Fed Official Outlines Steps to Address Climate-Related Financial Risks

A top Federal Reserve official said financial regulators should direct the nation’s biggest banks to take new steps to manage climate-related risks as part of a broader effort to monitor potential hazards posed to the financial system.

Fed governor Lael Brainard detailed how the central bank is preparing to beef up its assessment of growing threats from climate-related events, including natural disasters and wildfires, which could deliver unexpected shocks to the economy and markets.

“Ultimately, I anticipate it will be helpful to provide supervisory guidance for large banking institutions in their efforts to appropriately measure, monitor and manage material climate-related risks,” she said in virtual remarks at a conference Thursday on banking supervision hosted by the Federal Reserve Bank of Boston.

Ms. Brainard’s remarks are notable in part because she is seen as a potential candidate to become the Fed’s vice chairman of bank supervision, succeeding Randal Quarles, whose term expires next week. Ms. Brainard is also a potential candidate to succeed Fed Chairman Jerome Powell, whose term is up early next year.

“Climate change could have profound consequences for the level, trend growth and variability of economic activity over time,” Ms. Brainard said. The coronavirus pandemic “is a stark reminder that extreme events can materialize with little warning and trigger severe losses and market disruptions,” she said.

Ms. Brainard said the Fed is currently examining ways to incorporate so-called scenario analysis to account for both the physical risks of climate change and the costs associated with any transition to a lower-carbon-footprint economy. Natural disasters and government policy actions to address climate change “could quickly alter perceptions of future risk or reveal new information about the value of assets,” she said.

Ms. Brainard identified the need for scenario analyses that model projected revenue and losses for banks to differentiate between risks geographically and within different sectors of the economy. Those assessments would also need to account for an intensification of climate-related risks, at the regional or sectoral level, over time.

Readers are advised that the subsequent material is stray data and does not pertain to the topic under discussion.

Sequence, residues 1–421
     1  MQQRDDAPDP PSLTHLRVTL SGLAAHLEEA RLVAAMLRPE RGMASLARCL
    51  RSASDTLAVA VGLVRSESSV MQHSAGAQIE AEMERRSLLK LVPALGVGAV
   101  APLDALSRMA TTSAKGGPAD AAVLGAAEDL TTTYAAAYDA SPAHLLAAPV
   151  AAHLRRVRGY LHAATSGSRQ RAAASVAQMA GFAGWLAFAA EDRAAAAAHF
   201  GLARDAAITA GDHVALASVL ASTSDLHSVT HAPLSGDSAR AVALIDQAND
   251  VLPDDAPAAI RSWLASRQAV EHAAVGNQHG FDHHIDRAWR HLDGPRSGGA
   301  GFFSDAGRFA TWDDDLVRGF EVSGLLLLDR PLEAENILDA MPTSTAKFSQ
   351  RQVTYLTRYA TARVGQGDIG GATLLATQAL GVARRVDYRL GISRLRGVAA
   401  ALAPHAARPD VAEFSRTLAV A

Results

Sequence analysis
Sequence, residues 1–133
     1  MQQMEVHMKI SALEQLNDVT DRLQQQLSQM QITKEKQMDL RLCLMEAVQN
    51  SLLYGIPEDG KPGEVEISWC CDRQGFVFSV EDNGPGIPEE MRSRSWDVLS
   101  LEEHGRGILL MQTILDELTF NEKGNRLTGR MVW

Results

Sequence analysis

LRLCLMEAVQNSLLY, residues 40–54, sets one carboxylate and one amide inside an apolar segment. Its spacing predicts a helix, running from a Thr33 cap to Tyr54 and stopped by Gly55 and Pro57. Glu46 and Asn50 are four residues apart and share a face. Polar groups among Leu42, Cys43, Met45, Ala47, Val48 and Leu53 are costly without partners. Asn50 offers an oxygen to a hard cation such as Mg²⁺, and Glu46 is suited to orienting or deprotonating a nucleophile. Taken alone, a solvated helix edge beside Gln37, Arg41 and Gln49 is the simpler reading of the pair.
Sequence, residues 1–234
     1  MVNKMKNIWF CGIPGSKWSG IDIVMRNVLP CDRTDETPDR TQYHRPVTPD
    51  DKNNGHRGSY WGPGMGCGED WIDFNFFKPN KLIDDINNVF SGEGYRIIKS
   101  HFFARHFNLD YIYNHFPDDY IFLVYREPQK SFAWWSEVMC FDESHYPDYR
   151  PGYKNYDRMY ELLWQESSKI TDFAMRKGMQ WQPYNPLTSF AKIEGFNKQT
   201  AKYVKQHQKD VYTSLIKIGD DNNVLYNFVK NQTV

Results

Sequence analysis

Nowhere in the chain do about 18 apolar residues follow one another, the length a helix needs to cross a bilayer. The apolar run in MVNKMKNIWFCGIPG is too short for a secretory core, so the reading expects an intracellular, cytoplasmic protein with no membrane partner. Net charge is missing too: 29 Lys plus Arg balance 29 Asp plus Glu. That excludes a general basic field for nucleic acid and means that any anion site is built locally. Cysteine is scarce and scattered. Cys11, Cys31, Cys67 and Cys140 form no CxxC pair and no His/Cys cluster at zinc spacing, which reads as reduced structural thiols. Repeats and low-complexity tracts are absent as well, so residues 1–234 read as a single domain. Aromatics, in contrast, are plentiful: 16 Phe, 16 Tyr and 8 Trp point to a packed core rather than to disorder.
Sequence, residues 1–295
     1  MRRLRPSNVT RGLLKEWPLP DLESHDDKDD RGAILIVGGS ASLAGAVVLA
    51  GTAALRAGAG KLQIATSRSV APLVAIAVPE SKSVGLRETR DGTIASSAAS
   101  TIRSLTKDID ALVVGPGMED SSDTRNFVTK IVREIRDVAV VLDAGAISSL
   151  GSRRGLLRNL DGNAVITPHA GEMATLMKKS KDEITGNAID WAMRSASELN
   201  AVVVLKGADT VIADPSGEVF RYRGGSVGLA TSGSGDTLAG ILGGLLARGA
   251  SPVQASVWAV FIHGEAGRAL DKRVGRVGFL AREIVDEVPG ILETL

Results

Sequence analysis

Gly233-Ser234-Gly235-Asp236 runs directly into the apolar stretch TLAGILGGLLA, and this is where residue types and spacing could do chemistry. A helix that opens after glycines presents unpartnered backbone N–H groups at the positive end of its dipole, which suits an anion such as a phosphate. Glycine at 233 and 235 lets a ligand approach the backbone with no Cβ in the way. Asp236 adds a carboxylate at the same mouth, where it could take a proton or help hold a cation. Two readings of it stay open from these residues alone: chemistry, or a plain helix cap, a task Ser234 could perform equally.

Unlike central banks in the rest of the world, the Fed faces a tricky balancing act navigating its role on the issue because the U.S. political establishment hasn’t achieved any consensus over how or whether to address climate change.

Some progressive Democrats have chided Mr. Powell, a Republican, for not using the Fed’s supervisory powers over banks to more explicitly influence the terms and conditions on which certain industries, such as fossil fuel exploration and development, can access credit. They want President Biden to replace Mr. Powell when his term expires early next year with someone more focused on climate change, including potentially Ms. Brainard, a Democrat.

Ms. Brainard expressed some impatience with the state of climate-related financial policy at an economics conference in Arlington, Va., last week.

“It’s an area where the U.S. has been behind, and we need to catch up,” Ms. Brainard said.

Republicans have warned the central bank against overstepping its authority. House GOP lawmakers, for example, have pushed back against a proposal by the Securities and Exchange Commission to develop climate-risk disclosure standards for publicly traded companies.

Mr. Powell—who was a trustee of The Nature Conservancy, a public charity focused on conservation, before joining the Fed board 10 years ago—warned earlier this year that climate change poses profound challenges for the economy and global markets. He acknowledged that the Fed should play a role in monitoring and addressing potential risks, but he also said that implementing overarching national climate policy is “not a question for the Federal Reserve.”

The Fed last year joined a global group of financial regulators and central banks that has focused on sharing best practices for climate-related risk management. Ms. Brainard highlighted the uncertainty around and limits of what the central bank might initially find. “We should be humble about what the first generation of climate scenario analysis is likely to deliver,” she said in her remarks on Thursday.

The Fed has created two different internal committees to monitor potential threats posed by climate-related shocks to the economy. One is focused on improving how bank regulators address risks to the nation’s largest financial institutions as part of the Fed’s role supervising those firms, and the second is dedicated to examining threats to the broader financial system.

Write to Nick Timiraos at nick.timiraos@wsj.com

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